On World AIDS Day, I typically take time to reflect on the people I have met who have been affected by this ongoing crisis. They are people like Esther, the 13-year-old girl in Kenya who was caring for her AIDS-wasted slip of a mother, as well as her three brothers. They are grannies like 98-year-old Sara Nduku, living in the rural village of Tala, Kenya, who graciously took her great-grandson under her wing because no one was left to look after him. And they are young children like Mary, who was left to starve after her parents died of AIDS; she was mute and trembling when she was found, living under a lean-to of plastic and cardboard. These people are all doing well now, thanks to their own resiliency, courage and determination - and that of many others who are working to meet the challenges of HIV/AIDS.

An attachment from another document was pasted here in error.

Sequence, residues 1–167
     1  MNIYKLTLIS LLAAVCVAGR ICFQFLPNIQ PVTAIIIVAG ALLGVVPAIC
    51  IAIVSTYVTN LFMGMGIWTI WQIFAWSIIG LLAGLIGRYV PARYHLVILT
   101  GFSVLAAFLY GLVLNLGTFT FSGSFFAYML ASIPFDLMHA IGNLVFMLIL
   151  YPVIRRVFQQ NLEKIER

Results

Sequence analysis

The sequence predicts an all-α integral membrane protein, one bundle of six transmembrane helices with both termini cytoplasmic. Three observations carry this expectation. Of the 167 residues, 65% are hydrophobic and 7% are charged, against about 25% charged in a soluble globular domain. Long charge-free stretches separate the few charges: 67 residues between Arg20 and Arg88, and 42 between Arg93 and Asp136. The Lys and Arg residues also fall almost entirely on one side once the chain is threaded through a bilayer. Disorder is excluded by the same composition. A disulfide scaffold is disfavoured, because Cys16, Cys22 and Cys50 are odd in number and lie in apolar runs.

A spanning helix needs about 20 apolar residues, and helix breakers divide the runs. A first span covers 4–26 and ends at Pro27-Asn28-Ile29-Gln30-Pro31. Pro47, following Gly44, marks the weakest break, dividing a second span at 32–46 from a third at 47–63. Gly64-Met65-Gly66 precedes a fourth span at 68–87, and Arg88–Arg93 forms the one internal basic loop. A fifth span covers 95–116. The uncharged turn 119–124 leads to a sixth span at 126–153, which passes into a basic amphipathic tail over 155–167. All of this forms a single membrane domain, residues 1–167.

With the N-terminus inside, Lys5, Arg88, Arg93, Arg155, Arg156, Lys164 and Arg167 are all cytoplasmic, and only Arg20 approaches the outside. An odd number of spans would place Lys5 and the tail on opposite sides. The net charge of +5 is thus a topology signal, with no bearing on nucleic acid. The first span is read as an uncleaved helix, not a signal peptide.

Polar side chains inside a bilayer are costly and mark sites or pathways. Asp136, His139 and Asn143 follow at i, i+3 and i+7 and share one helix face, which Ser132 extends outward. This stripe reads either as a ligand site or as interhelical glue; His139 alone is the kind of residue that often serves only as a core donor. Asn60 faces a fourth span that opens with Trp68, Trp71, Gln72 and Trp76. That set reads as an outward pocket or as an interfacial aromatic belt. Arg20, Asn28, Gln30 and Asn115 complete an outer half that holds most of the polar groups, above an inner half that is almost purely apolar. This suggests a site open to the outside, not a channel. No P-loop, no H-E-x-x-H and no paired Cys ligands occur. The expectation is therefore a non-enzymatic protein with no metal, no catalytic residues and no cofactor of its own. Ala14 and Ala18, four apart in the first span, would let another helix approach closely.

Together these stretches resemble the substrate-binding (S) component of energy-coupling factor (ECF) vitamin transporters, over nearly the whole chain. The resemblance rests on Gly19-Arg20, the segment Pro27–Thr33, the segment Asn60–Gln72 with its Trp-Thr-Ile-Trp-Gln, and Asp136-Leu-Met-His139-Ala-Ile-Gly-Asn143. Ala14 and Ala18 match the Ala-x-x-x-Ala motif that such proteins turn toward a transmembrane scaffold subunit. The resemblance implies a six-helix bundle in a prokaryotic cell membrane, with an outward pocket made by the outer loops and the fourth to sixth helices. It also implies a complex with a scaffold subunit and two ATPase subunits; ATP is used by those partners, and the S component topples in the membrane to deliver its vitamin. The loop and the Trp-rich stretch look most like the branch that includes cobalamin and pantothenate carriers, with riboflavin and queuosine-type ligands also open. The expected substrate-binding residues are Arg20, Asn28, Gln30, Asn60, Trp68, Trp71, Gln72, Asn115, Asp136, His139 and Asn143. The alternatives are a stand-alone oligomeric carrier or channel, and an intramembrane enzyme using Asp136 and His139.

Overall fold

This year, interestingly enough, the event seems to be passing with little news, and less news coverage than usual. Last week, UNAIDS and the World Health Organization issued their annual status report on the epidemic, which showed that not much has changed. The figures remain staggering, with 2 million people last year felled by the disease. Sub-Saharan Africa remains the world’s epicenter of the epidemic, home to more than 22 million people who are infected with the virus, including 2.1 million children. Antiretroviral treatment is now reaching about 4 million people, though there are still five million others who still need this life-giving therapy, according to a report in the Los Angeles Times. There is still so much yet to be done.
Previously: New book shows the pain and hope of AIDS orphans and The girl who would be Queen